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Muir's Meanness and Pinchot's practicality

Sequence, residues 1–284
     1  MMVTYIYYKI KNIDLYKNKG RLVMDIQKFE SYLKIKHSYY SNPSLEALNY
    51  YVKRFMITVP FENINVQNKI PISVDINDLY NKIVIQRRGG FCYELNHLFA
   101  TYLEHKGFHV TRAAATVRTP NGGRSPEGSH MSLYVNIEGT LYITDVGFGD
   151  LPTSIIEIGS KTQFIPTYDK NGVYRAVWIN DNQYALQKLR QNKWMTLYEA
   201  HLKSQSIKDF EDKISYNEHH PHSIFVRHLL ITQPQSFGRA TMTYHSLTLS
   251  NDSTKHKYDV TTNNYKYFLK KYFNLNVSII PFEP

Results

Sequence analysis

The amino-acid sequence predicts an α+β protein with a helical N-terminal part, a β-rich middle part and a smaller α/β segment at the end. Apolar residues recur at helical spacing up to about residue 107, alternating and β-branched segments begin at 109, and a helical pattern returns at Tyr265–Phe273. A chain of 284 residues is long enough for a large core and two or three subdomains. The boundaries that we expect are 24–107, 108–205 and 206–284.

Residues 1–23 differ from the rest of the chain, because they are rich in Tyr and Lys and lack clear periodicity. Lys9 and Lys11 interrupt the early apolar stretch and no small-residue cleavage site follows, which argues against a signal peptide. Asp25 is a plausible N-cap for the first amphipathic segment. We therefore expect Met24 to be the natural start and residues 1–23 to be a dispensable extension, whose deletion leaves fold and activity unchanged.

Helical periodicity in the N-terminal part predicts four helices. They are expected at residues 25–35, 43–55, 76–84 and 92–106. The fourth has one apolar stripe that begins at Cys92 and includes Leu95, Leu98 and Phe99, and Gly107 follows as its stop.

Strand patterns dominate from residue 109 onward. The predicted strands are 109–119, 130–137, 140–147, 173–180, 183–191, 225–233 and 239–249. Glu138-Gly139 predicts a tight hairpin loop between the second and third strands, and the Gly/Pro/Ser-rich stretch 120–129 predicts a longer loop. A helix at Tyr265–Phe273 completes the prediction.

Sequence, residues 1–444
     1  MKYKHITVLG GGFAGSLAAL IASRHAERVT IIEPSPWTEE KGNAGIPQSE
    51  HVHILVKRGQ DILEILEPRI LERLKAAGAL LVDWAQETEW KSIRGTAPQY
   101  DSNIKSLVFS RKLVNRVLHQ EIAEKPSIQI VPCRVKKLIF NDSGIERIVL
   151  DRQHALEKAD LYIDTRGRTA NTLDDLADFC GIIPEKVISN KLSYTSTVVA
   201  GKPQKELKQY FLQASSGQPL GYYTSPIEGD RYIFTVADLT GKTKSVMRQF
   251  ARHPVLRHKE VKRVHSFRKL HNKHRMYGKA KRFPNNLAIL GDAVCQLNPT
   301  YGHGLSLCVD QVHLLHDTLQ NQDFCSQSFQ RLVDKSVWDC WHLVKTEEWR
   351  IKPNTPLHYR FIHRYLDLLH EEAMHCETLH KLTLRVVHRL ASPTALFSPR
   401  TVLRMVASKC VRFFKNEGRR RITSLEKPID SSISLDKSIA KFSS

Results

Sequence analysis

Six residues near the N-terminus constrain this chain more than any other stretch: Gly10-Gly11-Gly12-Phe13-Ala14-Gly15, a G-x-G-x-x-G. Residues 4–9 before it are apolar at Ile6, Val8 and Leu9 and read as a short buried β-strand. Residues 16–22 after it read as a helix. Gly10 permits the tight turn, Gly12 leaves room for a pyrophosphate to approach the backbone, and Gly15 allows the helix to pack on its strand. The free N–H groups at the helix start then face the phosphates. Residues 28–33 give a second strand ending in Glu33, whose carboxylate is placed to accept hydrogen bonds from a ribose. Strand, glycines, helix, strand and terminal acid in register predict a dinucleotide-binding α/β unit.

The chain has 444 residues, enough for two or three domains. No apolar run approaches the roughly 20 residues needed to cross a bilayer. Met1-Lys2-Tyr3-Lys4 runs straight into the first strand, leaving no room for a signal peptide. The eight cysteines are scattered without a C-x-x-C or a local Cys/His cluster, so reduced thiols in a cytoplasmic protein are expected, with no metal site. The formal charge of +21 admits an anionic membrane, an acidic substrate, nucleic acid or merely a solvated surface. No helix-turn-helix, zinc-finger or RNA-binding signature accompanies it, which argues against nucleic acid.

Eli, I do indeed praise Gifford Pinchot, Theodore Roosevelt's forestry chief, in Eco-Freaks. I point out, however, that he was at sword's ends with Muir over many issues, including the damming of Hetch Hetchy valley to provide water to San Francisco. (Pinchot supported it, while Muir was staunchly opposed. Even today, the Sierra Club is trying to get it undammed. But San Francisco pols usually allied with them, such as Barbara Boxer and Nancy Pelosi, have basically told them to go jump in the dam.") Pinchot and Roosevelt were true conservationists, as am I, whereas Muir was a preservationist. Unfortunately, today's green groups have followed Muir's fantasy of preserving land as it always was, when in truth we don't know how it always was. I have issues with Pinchot and Roosevelt's belief in nationalizing land. But I think their practical approach to managing the land is something we could emulate for the public land we do have. In fact, I point out in Eco-Freaks, that for all the enviros hectoring of Bush to be more like Theodore Roosevelt, his policies toward use of public land are much more in line TR than theirs are. They strongly believed, for instance, in the routine harvesting of trees on public land for public use. Roosevelt said of public land, "We look upon these resources as a heritage to be made use of in establishing and promoting the comfort, prosperity, and happiness of the American people, but not to be wasted, deteriorated or needlessly destroyed." Pinchot wrote something that today would get him billed as a shill for industry. He said, "The object of our forest policy is not to preserve the forests because they are beautiful ... or because they are refuges for the wild creatures of the wilderness ... but the making of prosperous homes. Every other consideration comes as secondary." As for Muir and the American Indians, the quote comes from Chapter 5 of his book The Mountains of California, reprinted here on the Yosimite national park website. He is simply annoyed that they are in his way of the beauty of nature. A thoughtful article in the evironmental news site,, about environmentalism's elitist history, also concludes that Muir's "view was widely shared among preservationists" and led to the expelling of American Indians from national parks "to uphold the wilderness ideal."